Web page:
A dark approach to clinical responsibility?
In recent months there has been an increasing number of doctors and nurses facing prosecution for gross negligent manslaughter. The charge, which can result in anything between a suspended and life sentence, springs out of a patient’s death which is suspected to have been caused by an act so negligent that it is in society’s best interest to prosecute the clinician in a criminal court.
On the face of it many may think that it is appropriate, if not essential, to hold medics to account when they have in effect failed to do their job at the cost of someone’s life. But what is concerning both the medical professional and lawyers involved in clinical negligence and other medical law are the types of cases that are now being pushed through by the Crown Prosecution Service.
Historically, only doctors and nurses responsible for the most flagrant and deliberate acts of harm to a patient were disciplined by the General Medical Council and the criminal courts. The test for whether or not a clinician’s actions are to be considered as “Gross Negligence” is whether or not the medic was (i) indifferent to an obvious risk of injury to health, (ii) had actual foresight of risk coupled with determination to run the risk, and (iii) an appreciation of the risk coupled with an intention to avoid it but also coupled with such a high degree of negligence in attempted avoidance that the jury considers it justifies conviction. Doctors who show a complete lack of care for their patients or deliberately take unjustified risks with their patient’s life should absolutely be held to account both professionally and personally, but is it right that doctors who are victim’s of simple errors in judgment are now finding themselves fighting for their freedom?
An example of where the medical and legal profession have been surprised to learn that criminal action is being taken include the case of Honey Rose, an optometrist for Boots who missed some swelling at the back of a 8 year old’s eye. This swelling eventually led to brain damage and the boy very sadly died some months later as a result. Ms Rose has pleaded not guilty to a charge of gross negligence manslaughter and trial is awaited.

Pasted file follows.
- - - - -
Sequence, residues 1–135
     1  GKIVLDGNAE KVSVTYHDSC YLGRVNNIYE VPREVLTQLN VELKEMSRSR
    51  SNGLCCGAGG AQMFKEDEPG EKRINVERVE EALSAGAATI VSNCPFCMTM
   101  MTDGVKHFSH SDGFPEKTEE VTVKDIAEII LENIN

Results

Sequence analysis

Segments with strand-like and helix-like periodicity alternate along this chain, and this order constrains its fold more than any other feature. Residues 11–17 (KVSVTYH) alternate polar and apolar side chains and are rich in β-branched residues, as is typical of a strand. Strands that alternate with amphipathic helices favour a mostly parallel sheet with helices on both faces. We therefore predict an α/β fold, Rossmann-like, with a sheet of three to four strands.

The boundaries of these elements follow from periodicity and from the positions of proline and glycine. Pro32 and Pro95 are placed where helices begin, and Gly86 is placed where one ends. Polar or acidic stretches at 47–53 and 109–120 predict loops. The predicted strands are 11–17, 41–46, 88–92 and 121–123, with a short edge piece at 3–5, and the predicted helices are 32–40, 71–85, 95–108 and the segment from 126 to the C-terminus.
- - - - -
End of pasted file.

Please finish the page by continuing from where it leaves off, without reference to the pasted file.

The difficulty that lawyers and medics have with this case is that whilst it is desperately sad that a young boy died as a result of a simple error, doctors are only human and it is often simple errors that are made, but these can have devastating effects. Ms Rose’s error cannot be considered to be any different from a Radiologist’s failure to identify cancer on a scan, which leads to a delay in diagnosis and treatment and could result in the patient dyeing or having a reduced life expectancy. Clinical negligence lawyers come across this scenario all of the time, but the doctors concerned are never considered to be negligent to the extent that their failure is considered criminal. They made a simple mistake, and made no deliberate attempt to harm their patient. It is not known why the CPS view Ms Rose’s mistake as criminal, is it because her patient happened to die? If the little boy had survived, would criminal action have been taken? The Association of Optometrists have responded to the news of Ms Rose’s prosecution by saying “we are not aware of any previous criminal cases involving optometrists which relate to clinical matters”.